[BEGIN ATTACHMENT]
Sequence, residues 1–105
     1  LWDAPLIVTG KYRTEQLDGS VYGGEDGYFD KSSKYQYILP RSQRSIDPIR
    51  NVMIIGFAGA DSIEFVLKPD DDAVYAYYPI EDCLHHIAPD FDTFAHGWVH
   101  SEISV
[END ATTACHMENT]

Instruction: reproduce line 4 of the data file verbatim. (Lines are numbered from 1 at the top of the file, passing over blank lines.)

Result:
   101  SEISV